Americans Support Free Trade, but 76% Believe Other Countries Aren’t Playing Fair

Eighty-one percent (81%) of voters believe free trade is at least somewhat good for the United States. A ScottRasmussen.com national survey found that 53% said free trade is good for all consumers and 78% think it helps to create jobs.

But while beliefs about free trade are generally positive, 76% also believe other countries are using trade to treat the U.S. unfairly. This suggests that a substantial number of voters simply do not believe that other countries are practicing free trade (see question wording and crosstab results).

This poll was conducted for ScottRasmussen.com on August 28-29, 2018 by HarrisX, a leading research firm specializing in online surveys (see Methodology). The statistical margin of error is +/- 3.1 percentage points with a 95% level of confidence.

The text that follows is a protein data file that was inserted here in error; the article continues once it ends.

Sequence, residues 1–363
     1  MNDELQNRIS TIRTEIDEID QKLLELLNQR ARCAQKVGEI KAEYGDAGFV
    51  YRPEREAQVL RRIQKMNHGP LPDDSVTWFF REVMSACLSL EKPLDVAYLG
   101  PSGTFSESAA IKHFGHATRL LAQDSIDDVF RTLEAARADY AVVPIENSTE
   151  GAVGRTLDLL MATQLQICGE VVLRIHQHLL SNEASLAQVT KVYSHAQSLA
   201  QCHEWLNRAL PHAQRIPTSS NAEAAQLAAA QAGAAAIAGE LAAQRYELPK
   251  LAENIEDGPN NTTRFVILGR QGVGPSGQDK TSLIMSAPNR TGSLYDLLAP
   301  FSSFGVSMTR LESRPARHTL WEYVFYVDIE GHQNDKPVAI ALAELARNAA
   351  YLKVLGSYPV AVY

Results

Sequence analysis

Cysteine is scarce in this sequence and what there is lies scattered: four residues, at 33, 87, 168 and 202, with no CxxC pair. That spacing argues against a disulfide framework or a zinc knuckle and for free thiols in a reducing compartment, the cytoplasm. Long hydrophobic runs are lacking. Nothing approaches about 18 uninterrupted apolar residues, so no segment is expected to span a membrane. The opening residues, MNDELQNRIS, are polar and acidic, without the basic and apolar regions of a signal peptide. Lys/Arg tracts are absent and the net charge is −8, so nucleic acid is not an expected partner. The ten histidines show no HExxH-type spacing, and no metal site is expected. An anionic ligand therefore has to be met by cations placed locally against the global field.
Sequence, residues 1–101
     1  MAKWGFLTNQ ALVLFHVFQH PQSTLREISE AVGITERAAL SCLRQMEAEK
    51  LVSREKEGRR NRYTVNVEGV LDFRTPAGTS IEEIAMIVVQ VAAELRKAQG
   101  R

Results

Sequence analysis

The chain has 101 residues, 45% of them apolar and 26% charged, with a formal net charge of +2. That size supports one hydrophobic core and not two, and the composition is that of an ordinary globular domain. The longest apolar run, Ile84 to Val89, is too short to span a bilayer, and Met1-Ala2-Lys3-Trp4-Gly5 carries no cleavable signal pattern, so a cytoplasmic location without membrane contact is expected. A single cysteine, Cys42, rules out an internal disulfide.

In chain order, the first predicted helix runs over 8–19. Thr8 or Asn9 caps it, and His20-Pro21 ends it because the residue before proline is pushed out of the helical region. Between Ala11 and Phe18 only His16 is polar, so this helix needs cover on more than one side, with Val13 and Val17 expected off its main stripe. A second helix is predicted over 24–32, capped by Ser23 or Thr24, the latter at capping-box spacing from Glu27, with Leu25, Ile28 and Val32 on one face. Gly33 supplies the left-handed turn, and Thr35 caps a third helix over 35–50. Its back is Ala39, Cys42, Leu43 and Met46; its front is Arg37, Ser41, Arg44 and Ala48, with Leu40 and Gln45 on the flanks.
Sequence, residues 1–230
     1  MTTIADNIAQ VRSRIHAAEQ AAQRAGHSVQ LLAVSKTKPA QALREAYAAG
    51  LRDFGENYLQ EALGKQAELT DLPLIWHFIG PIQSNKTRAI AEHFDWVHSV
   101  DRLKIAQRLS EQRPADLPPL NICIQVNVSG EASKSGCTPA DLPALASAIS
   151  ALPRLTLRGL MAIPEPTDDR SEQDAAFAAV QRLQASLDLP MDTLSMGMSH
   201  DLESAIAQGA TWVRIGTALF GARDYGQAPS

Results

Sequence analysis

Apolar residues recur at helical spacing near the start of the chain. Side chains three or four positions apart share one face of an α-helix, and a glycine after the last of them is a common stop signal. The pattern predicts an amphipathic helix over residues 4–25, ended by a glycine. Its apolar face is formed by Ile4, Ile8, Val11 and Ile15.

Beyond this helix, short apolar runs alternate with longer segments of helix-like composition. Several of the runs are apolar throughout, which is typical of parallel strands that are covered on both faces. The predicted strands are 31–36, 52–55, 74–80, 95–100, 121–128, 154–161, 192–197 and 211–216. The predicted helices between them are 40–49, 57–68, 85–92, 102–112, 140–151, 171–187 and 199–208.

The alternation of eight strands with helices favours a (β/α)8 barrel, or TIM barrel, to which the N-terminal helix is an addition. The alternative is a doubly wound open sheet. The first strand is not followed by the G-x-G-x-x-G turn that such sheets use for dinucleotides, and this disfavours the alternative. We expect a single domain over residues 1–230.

The survey found that a plurality (43% to 27%) believe free trade benefits the poor. A majority (57%) said it benefits the rich.

Trade issues have been in focus in recent months as the Trump administration has initiated trade disputes with China, Canada, and some European nations. Those disputes have resulted in tariffs levied from all sides, increasing the prices for dozens of goods and prices for businesses and consumers. While trade disputes with Mexico appear to have been solved, not as much progress has been made with China and Canada.

On Wednesday, President Trump accused the Chinese government of trying to interfere with the U.S. midterm elections at least in part by placing sponsored editorial ads in Iowa newspapers bashing the Trump tariffs.

These poll results suggest any effort to convince the American public on trade issues should focus more on convincing them other nations are being fair as opposed to making the case for free trade overall.

ScottRasmussen.com collects and reports this information to enhance the public dialogue through data-driven analysis that explores the underlying currents of public opinion (read About Us and review all of our recent data releases).

Neither Scott Rasmussen nor ScottRasmussen.com has any relationship with Rasmussen Reports® (see About Us).

Posted in Poll Results

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